The snow threat has increased, and the storm is expected to be bigger than we originally thought.
Express News Global
Updated: February 8, 2017 8:24 am ET
New Jersey: A snowstorm that will easily be the biggest New Jersey has seen this winter is coming, and its putting the state in its bulls eye.
As many as 6 to 12 inches could fall, and strong winds could knock out power, possibly leading to road closings, speed limit restrictions, school closings, delayed openings or early dismissals. The storm is expected to hit as early as Wednesday night or Thursday morning.
The National Weather Service has issued a winter storm warning – the highest threat level for snow – for all New Jersey counties except for Atlantic, Cape May and Cumberland. A winter weather advisory has been issued for those counties.
Ironically, temperatures could hit the 60-degree range on Wednesday, but a cold front is expected to push through. The winter storm warning will be in effect from 10 p.m. Wednesday until 5 p.m. Thursday.
Timing: Snow will quickly develop from west to east after Midnight tonight. However, it will start as rain from about the I-95 corridor eastward, with a transition to snow from northwest to southeast early Thursday morning. The change over to snow will likely occur quickly in the I-95 corridor by Thursday at daybreak. It will take longer though to change over to snow on Thursday near the southern New Jersey coast and Delmarva.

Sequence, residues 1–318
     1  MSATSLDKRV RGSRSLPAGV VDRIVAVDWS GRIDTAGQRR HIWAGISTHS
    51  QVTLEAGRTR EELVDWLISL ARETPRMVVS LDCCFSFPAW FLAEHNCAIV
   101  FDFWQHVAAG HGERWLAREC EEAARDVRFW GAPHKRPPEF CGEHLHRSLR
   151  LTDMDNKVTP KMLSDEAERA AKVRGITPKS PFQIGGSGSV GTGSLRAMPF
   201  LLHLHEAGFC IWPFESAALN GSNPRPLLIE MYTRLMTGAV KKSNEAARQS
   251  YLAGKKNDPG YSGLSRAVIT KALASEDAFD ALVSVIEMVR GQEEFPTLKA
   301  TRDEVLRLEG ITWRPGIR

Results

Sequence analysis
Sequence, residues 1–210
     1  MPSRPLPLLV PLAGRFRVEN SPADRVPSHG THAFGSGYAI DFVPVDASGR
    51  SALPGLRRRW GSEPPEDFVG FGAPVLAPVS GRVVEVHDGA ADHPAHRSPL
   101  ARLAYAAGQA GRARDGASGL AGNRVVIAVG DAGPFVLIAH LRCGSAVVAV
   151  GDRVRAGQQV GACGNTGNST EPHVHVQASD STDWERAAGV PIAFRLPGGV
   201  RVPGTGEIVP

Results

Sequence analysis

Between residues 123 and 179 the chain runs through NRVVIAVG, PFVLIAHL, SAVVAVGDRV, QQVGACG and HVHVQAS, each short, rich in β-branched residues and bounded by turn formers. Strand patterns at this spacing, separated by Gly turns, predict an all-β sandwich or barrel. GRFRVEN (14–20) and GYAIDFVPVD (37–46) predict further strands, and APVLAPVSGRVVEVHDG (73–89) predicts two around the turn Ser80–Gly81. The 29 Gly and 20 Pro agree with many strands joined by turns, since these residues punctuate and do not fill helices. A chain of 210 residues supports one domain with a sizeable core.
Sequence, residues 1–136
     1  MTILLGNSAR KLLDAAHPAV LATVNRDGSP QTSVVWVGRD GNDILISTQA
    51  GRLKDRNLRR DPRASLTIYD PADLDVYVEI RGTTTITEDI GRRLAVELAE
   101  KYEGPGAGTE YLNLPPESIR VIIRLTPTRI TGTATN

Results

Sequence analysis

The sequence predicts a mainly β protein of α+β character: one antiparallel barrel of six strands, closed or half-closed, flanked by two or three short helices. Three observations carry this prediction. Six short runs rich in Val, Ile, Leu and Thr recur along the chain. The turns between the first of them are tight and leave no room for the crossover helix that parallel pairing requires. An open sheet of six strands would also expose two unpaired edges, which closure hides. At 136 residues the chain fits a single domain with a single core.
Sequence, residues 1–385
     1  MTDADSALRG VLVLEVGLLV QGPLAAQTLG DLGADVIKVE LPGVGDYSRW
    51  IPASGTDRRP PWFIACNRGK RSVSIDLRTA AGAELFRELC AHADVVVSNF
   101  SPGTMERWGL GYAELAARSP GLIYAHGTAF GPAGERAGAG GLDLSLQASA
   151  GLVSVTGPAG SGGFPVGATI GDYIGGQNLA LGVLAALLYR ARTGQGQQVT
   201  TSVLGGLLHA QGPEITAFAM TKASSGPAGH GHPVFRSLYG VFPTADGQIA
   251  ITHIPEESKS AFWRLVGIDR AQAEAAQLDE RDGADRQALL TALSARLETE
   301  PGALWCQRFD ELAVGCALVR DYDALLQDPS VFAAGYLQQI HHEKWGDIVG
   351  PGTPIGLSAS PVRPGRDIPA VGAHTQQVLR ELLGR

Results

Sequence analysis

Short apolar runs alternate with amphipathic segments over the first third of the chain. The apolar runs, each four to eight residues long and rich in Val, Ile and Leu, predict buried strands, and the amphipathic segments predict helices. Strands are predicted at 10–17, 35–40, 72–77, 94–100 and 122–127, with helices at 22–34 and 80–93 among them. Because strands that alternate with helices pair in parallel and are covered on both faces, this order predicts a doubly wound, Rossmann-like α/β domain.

Warnings: The earlier winter storm watches have been upgraded to winter storm warnings. Winter weather advisories have been issued for far southeastern New Jersey, central Delaware and portions of the Eastern Maryland shore.
Hazards/Impacts: Heavy snow, poor visibilities and dropping temperatures will make travel dangerous.
Amounts: Snow will fall at a rate of up to 2 inches per hour in the warned areas from about 3 a.m. to 10 a.m. Thursday from west to east, with even some thunder possible.
Newark Liberty International Airport airlines have warned people that flights could be canceled, and they’re offering waivers.
High impact event for travel especially for the Thursday morning commute. Temperatures are expected to quickly drop to freezing or lower late tonight and early Thursday morning from west to east for much of the region. This along with heavier snow and initially milder road surfaces may result in snow quickly becoming packed to the road surface. Temperatures will drop into the teens Thursday night with any slushy or untreated wet surfaces freezing up.
The snow should be wet in consistency and therefore will tend to stick to trees and power lines, possibly resulting in some power outages. North to northwest winds will increase late tonight and Thursday with gusts in the 30-35 mph range.